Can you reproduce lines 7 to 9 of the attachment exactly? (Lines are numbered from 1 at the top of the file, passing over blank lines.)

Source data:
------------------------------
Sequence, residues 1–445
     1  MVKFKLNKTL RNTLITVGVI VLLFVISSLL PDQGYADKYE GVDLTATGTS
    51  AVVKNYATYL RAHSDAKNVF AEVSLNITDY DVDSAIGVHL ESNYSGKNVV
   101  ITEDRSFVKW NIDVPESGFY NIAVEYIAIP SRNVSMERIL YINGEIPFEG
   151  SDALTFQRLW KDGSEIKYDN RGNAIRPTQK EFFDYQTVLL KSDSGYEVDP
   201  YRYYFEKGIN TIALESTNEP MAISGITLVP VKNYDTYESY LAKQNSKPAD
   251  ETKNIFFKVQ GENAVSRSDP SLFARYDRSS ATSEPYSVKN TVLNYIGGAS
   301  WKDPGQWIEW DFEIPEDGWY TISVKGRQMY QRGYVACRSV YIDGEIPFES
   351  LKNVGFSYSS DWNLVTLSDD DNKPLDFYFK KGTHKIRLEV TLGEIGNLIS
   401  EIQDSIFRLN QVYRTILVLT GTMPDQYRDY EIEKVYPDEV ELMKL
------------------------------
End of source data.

   251  ETKNIFFKVQ GENAVSRSDP SLFARYDRSS ATSEPYSVKN TVLNYIGGAS
   301  WKDPGQWIEW DFEIPEDGWY TISVKGRQMY QRGYVACRSV YIDGEIPFES
   351  LKNVGFSYSS DWNLVTLSDD DNKPLDFYFK KGTHKIRLEV TLGEIGNLIS